salmon, cod, sardines, shrimp, tuna, fish, tuna salad, halibut, sea bass, scallops


coffee, apple juice, cranberry juice, red wine, skim milk, white wine, wine, milk, beer, alcohol, coke, soy milk, whole milk, prune juice, tea, a shake, coconut milk, orange juice, energy drinks

Nuts and Seeds

chia seeds, sunflower seeds, pecans, pumpkin seeds, hazelnuts, nuts, almonds, sesame seeds, walnuts, cashews, peanuts

Beans and Lentils

soybeans, pinto beans, kidney beans, lentils, black beans, lima beans, navy beans, beets, beans, garbanzo beans, baked beans


beef, steak, deer, bacon, chicken, fried chicken, turkey, turkey breast, chicken breast, meatloaf, ham, lamb, sausages

Fast Foods

french fries, pizza, a slice of pizza, hot dog, hamburger, a cheeseburger, a big mac

Dairy and Cheese

ricotta, yogurt, cottage cheese, an egg, egg whites, goats cheese, cheddar, cheddar cheese, cheese, hard boiled egg, feta cheese

Bread, Rice, Grains and Pasta

rye, millet, flaxseed, barley, buckwheat, whole wheat bread, a bagel, white bread, bread, quinoa, corn, spaghetti, rice, pasta, brown rice, white rice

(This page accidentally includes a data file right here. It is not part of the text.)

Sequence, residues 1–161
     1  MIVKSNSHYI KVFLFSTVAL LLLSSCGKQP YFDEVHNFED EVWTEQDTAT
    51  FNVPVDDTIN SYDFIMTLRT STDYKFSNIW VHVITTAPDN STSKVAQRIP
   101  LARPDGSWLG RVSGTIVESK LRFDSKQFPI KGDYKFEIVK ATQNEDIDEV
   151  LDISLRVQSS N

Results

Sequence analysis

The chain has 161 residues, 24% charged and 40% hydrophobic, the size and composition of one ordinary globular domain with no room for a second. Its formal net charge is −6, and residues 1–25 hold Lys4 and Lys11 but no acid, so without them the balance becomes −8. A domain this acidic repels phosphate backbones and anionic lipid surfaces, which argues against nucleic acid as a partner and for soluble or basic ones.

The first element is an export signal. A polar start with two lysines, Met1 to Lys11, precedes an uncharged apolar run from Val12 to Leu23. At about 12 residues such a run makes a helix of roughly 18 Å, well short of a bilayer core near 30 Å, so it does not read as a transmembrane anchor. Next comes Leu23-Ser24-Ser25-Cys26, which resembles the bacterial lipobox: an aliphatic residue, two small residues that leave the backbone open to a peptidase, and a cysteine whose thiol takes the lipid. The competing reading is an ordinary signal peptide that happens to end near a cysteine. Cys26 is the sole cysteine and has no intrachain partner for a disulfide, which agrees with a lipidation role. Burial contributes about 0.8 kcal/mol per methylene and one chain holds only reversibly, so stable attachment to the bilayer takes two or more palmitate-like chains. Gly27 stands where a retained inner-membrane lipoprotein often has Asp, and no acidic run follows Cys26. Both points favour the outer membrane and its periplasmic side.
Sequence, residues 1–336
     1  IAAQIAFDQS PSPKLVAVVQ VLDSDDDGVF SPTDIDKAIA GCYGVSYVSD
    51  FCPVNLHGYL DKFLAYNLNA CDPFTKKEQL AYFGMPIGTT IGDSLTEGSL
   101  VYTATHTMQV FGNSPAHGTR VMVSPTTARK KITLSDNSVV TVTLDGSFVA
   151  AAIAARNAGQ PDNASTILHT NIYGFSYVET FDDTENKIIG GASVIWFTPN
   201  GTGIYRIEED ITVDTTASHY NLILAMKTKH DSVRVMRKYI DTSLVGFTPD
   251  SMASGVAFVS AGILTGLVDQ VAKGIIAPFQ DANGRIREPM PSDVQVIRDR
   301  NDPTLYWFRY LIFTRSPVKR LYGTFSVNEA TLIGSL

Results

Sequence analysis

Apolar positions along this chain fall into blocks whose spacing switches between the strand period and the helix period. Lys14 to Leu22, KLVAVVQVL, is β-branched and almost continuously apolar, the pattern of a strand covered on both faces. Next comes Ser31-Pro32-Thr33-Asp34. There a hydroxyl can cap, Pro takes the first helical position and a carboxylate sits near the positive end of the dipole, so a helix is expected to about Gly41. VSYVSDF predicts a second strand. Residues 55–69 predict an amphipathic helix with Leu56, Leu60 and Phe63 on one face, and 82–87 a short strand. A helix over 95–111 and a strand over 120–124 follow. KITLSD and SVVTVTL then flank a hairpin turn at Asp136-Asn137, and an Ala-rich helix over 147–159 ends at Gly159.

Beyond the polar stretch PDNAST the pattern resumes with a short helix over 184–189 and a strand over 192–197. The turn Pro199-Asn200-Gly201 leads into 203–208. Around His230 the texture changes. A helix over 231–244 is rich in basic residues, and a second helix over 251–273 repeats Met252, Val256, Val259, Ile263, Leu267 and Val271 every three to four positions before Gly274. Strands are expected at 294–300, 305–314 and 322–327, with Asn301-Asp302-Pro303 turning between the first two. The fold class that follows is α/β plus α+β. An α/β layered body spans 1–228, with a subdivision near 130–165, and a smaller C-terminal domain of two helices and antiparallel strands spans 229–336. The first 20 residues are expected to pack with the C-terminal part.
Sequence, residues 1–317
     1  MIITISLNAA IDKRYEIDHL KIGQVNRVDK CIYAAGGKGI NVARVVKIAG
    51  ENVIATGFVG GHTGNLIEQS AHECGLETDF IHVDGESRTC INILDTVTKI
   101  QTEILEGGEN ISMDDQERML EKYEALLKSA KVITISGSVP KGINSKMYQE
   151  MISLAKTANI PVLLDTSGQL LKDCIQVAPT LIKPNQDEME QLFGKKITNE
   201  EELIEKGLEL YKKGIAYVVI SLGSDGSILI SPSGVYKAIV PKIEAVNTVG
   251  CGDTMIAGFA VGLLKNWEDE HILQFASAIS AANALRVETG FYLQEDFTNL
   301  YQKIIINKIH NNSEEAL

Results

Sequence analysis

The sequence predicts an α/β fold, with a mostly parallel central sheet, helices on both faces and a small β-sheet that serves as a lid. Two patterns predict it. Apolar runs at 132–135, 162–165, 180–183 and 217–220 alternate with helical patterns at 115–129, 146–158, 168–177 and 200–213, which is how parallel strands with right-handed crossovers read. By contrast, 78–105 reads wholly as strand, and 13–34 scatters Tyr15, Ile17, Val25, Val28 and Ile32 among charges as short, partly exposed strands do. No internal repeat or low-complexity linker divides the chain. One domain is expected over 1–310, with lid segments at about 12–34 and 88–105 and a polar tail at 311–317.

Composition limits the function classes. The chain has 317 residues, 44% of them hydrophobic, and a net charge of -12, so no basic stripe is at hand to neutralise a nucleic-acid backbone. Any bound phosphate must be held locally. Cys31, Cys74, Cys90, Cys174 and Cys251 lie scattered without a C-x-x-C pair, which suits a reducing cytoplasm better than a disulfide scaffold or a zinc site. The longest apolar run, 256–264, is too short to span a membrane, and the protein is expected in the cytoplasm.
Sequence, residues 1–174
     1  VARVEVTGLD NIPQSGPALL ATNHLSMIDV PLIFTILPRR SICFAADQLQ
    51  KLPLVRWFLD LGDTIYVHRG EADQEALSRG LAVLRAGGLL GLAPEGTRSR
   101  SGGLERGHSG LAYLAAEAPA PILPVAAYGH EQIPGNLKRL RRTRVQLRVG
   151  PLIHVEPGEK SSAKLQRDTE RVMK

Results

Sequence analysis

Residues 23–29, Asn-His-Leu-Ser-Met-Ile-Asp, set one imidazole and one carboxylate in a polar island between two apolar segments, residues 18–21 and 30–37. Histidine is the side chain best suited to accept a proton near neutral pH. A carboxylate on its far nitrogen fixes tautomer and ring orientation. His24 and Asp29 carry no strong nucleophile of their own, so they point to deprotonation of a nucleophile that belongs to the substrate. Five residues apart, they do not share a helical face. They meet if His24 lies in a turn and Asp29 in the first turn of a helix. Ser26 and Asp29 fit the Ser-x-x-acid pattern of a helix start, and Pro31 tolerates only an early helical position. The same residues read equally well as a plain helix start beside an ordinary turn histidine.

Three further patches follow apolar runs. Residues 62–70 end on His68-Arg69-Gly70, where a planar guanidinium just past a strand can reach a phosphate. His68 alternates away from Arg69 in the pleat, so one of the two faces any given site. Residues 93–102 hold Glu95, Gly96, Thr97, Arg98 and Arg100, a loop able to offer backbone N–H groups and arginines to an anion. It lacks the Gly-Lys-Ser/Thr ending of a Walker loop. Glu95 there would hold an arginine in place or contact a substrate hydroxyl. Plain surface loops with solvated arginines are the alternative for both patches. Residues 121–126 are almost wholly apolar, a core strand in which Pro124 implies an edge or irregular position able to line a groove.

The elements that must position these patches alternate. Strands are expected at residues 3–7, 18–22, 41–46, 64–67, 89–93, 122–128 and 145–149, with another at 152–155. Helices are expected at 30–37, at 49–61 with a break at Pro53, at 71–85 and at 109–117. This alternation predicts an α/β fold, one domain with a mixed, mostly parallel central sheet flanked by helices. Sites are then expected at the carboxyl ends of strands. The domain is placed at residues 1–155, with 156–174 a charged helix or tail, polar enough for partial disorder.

Spreads, Sauces and Herbs

hummus, mayonnaise, butter, peanut butter, soy sauce, thyme, basil, rosemary, pepper, coriander, dill, parsley

Sweets, Desserts and Snacks

popcorn, chips, nachos, a granola bar, saltine crackers, cheesecake, jello, ice cream, doughnuts, chocolate

Breakfast Cereal

granola, cheerios, oatmeal


spirulina, honey, sugar, brown sugar, tofu, olive oil, garlic, tempeh, oats

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Protein in foods - by food category

Protein in Baby Foods, Protein in Baked Products, Protein in Beef Products, Protein in Breakfast Cereals, Protein in Cereal Grains and Pasta, Protein in Dairy and Egg Products, protein in drinks, Protein in Ethnic Foods, Protein in Fast Foods, Protein in Fats and Oils, protein in fish, protein in fruits, Protein in Lamb, Veal, and Game Products, Protein in Legumes and Legume Products, Protein in Meals, Entrees, and Sidedishes, protein in nuts, protein in pork, Protein in Poultry Products, Protein in Sausages and Luncheon Meats, protein in snacks, Protein in Soups, Sauces, and Gravies, Protein in Spices and Herbs, protein in sweets, protein in vegetables,

Nutrition Facts

calories, fat, carbohydrate, high protein foods, high fiber foods, low carb foods, calcium, iron, magnesium, chromium, phosphorus, chloride, potassium, sodium, fluoride, iodine, zinc, copper, manganese, selenium, vitamins and minerals, vitamin A, vitamin E, vitamin D, vitamin C, vitamin B1 (thiamin), vitamin B2 (riboflavin), vitamin B3 (niacin), vitamin B5 (pantothenic acid), vitamin B6, biotin (vitamin B7), Folic Acid (vitamin B9), vitamin B12, vitamin B13, vitamin B15, vitamin B17, vitamin K, folic acid, tryptophan, threonine, isoleucine, leucine, lysine, methionine, cysteine, phenylalanine, tyrosine, valine, arginine, histidine, alanine, aspartic acid, glutamic acid, glycine, proline, serine, cholesterol, essential fatty acids, trans fat, saturated fat, recommended daily allowance